It is seen from the foregoing description that I have provided a very simple and inexpensive one-piece luggage carrier which is very much sturdier than the wire basket carriers ordinarily used and which is held so rigidly in position on the top of the automobile that no pressure or shock will alter the position thereof while the straps remain in engagement with the drain gutters 23 of the automobile top.
1. For attachment to the curved top surface of an automobile having drainage gutters along the curved side edges thereof, a one-piece sheet metal luggage carrier in the form of a shallow tray having vertically directed side and end flanges, the bottom corners of the tray being well rounded, brackets integral with and extending from the rounded corners of the tray near the ends of the side flanges thereof, the brackets having transverse perforations at the ends thereof for receiving straps engaging said gutters to lock the carrier in position on the top of the car, each bracket consisting of a plate laterally extending from the bottom surface of the tray, a brace extending from the flange of the tray to the plate at a point directly within the transverse perforation thereof and a web bridging the space between the brace and plate, and suction cups secured to the underside of said brackets near the outer ends thereof, the brackets being downwardly and outwardly directed to tilt the suction cups into position for correct engagement with the curved top surface of the car.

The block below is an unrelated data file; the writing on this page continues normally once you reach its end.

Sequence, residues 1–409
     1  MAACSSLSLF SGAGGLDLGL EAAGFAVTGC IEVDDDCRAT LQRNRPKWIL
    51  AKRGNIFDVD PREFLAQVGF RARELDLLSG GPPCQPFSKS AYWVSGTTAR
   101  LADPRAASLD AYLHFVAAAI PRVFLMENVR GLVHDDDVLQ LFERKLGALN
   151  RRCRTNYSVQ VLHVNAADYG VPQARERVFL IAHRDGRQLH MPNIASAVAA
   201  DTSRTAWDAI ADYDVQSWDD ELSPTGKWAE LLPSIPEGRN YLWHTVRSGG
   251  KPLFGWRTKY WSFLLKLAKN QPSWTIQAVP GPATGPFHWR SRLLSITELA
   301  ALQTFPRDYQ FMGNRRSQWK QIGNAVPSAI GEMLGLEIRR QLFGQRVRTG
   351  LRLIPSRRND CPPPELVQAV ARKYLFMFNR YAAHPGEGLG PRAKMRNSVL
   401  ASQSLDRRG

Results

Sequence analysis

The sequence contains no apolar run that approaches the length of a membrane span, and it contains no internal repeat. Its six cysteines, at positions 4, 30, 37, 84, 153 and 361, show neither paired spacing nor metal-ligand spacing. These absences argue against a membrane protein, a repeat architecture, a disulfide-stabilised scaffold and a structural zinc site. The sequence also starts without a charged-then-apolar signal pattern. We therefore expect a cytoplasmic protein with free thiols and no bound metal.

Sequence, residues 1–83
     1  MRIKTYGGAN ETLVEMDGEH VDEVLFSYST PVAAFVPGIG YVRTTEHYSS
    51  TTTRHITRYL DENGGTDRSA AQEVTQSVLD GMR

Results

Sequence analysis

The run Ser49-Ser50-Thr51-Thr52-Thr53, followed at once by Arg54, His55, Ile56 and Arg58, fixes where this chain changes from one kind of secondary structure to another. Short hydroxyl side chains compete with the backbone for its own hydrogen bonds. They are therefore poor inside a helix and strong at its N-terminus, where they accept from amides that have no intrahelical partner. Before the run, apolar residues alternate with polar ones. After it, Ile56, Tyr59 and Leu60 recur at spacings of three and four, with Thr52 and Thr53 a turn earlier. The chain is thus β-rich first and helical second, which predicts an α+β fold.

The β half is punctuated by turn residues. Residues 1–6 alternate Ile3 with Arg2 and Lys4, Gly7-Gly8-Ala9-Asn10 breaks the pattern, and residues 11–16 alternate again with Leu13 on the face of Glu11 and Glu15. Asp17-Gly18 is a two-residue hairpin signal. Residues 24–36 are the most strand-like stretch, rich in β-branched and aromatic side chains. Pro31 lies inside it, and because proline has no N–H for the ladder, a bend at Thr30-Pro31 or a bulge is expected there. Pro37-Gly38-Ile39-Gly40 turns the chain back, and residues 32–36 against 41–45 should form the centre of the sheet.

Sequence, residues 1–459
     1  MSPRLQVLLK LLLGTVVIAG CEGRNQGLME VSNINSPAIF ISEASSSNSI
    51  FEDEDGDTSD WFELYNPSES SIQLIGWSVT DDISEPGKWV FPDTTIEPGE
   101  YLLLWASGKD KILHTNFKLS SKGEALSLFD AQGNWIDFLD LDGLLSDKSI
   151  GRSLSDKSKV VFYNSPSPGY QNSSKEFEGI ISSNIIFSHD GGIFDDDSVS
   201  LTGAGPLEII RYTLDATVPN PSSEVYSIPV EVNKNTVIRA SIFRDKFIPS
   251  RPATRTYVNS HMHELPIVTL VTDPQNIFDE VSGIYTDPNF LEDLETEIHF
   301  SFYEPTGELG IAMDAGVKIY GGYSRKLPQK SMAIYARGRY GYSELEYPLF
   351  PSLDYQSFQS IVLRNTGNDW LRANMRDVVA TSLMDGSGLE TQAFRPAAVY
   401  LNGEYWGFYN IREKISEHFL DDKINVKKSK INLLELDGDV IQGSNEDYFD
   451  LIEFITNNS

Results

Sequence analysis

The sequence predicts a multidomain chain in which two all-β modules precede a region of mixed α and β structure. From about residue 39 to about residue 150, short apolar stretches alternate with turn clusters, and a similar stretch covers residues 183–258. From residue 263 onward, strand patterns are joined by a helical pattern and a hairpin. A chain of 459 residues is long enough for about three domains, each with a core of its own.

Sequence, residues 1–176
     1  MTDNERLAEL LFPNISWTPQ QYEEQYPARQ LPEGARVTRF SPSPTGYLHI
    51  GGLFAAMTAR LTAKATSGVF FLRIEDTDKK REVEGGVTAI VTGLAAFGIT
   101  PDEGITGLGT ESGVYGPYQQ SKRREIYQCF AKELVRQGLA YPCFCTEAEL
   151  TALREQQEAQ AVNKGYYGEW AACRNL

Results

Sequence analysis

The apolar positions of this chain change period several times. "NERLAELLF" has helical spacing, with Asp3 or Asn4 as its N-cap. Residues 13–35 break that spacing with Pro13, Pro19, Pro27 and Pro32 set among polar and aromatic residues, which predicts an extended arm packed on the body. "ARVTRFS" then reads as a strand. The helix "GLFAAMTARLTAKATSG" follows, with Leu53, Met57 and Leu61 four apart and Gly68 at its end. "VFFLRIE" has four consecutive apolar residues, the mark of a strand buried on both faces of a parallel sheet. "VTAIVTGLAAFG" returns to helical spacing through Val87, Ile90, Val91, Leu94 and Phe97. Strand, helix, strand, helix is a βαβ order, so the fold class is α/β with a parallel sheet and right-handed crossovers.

2. For attachment to the curved top surface of an automobile, a one-piece sheet metal luggage carrier in the form of a shallow tray having vertically directed side and end flanges, the bottom corners of the tray being well rounded, brackets integral with and extending from the rounded corners of the tray near the ends of the side flanges thereof, each bracket including an upper plate downwardly and outwardly extending from the side flange, a lower plate extending from the bottom surface of the tray to and beyond the outer end of the upper plate, a web vertically bridging the space between the upper and lower plates, the inner end of the web fittingly engaging the rounded corner of the tray, and a suction cup projecting from the underside of each bracket at the outer end thereof at the proper angle fittingly to engage the curved top surface of the car.
References Cited in the file of this patent UNITED STATES PATENTS 2,109,571 Le Boeuf Mar. 1, 1938 2,594,319 Law Apr. 29, 1952 2,596,860 McCrory et a1 May 13, 1952 FOREIGN PATENTS 853,371 France Dec. 7, 1939 1,004,579 France Nov. 28, 1951